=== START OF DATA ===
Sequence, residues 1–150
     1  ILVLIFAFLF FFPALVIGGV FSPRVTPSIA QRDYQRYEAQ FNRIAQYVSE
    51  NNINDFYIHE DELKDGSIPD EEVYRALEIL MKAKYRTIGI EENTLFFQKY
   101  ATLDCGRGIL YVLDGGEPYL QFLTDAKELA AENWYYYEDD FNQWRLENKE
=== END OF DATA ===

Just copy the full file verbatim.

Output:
Sequence, residues 1–150
     1  ILVLIFAFLF FFPALVIGGV FSPRVTPSIA QRDYQRYEAQ FNRIAQYVSE
    51  NNINDFYIHE DELKDGSIPD EEVYRALEIL MKAKYRTIGI EENTLFFQKY
   101  ATLDCGRGIL YVLDGGEPYL QFLTDAKELA AENWYYYEDD FNQWRLENKE